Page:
Sunday Scaries (02/07/21)

Societal implications of language models, solar eclipse, the goose that lays the golden egg

Hi everyone,

Writing to you from Jackson Hole, where we’ve been lucky enough to get 40 inches of snow since I arrived last Wednesday.

This mountain is like nothing I’ve ever experienced. It’s filled with natural terrain that puts other resorts to shame. There is enough sheer rock and powder here to keep even the most adventurous riders entertained for a lifetime.


In this week’s edition

Understanding the Capabilities, Limitations, and Societal Impact of Large Language Models

Artificial intelligence researchers from Stanford and OpenAI met in 2020 to discuss the implications of language models like GPT-3. The preprint for the session recently became available. It includes meeting minutes and a summary of the discussion. The talk was split into two parts: technical implications and societal implications.

The technical stuff is interesting but, to me, the societal implications of machines that can talk like people are even more fascinating. One excerpt that caught my attention:

A major discussion point considered the deliberate misuse of language models for purposes such as generating disinformation. More specifically, models like GPT-3 can be used to create false, misleading, or propagandistic essays, tweets, and news stories de novo. […] Relatedly, someone suggested that the existence of systems like GPT-3 should spur more use of cryptography to authenticate media.

Lindy score: 2022

First Six-star System Where All Six Stars Undergo Eclipses

We’re learning that our solar system is boring compared to what’s possible. In this case, it’s a six-star system where the suns rotate each other in a complex and beautiful pattern.

One of my favorite Asimov stories, Nightfall, is based on a similar premise. It was inspired by a quote from Ralph Waldo Emerson:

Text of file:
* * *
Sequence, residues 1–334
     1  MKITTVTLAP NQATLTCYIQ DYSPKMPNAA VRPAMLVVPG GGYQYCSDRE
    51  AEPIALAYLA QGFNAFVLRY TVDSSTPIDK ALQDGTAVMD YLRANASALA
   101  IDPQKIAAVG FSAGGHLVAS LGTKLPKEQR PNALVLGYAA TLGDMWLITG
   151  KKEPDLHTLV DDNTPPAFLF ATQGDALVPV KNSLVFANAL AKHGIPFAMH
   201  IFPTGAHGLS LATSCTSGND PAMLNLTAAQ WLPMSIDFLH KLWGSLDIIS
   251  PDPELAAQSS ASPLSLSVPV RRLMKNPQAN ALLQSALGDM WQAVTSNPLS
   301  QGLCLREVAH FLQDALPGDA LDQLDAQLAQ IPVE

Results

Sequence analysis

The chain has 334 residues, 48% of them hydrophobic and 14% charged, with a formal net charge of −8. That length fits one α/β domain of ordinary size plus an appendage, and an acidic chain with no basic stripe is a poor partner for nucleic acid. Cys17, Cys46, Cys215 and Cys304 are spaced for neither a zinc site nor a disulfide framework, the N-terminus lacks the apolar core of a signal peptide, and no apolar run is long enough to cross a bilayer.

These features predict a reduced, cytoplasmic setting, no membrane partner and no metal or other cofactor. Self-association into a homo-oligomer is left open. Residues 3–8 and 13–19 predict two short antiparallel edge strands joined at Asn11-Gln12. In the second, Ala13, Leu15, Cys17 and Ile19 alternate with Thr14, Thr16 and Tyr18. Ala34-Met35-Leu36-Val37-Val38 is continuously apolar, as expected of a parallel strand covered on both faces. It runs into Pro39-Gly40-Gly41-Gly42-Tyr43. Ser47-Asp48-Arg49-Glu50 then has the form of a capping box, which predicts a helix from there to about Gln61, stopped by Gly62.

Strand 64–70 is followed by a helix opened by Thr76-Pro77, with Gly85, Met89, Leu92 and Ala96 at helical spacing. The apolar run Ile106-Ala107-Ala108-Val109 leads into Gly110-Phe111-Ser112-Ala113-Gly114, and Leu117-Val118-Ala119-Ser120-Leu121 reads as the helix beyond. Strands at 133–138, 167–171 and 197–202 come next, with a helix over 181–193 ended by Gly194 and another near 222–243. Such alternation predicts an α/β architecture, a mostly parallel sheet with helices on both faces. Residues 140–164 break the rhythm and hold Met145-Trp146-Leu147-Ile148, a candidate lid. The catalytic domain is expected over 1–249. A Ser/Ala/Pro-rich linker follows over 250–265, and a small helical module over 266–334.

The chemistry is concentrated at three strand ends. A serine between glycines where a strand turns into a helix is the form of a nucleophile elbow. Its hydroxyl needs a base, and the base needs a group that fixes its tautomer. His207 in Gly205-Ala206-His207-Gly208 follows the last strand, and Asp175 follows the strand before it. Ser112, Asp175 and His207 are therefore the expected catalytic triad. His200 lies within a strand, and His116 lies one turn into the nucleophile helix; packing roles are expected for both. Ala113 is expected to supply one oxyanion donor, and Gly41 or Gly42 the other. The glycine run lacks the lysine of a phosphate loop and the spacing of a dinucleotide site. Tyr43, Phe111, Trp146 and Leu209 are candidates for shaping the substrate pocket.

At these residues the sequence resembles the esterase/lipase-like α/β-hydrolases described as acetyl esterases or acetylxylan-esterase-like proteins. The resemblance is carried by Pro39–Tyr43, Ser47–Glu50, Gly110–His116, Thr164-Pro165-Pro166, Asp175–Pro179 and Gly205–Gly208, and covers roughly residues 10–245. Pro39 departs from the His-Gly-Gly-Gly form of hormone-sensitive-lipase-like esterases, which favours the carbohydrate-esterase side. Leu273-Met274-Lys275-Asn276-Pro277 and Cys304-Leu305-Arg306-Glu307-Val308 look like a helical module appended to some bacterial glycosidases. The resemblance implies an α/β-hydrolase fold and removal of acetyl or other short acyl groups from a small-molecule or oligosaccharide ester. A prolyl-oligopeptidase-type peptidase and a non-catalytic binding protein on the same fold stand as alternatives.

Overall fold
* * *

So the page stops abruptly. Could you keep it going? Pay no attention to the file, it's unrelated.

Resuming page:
"If the stars should appear one night in a thousand years, how would men believe and adore, and preserve for many generations the remembrance of the city of God!"

Lindy score: 2022

Alan Kay Email Excerpts

Alan Kay is often called the “father of personal computing”. A digital pioneer, he is well known for his work on programming languages and time at Xerox PARC, the research lab that invented the mouse and graphical user interface.

This post is a mismash of emails that Alan has sent over the years. My favorite story is one he tells about a talk he gave to corporate executives:

I once gave a talk to Disney executives about "new ways to kill the geese that lay the golden eggs". For example, set up deadlines and quotas for the eggs. Make the geese into managers. Make the geese go to meetings to justify their diet and day to day processes. Demand golden coins from the geese rather than eggs. Demand platinum rather than gold. Require that the geese make plans and explain just how they will make the eggs that will be laid. Etc.

Lindy score: 2025

Have a great week,

Phil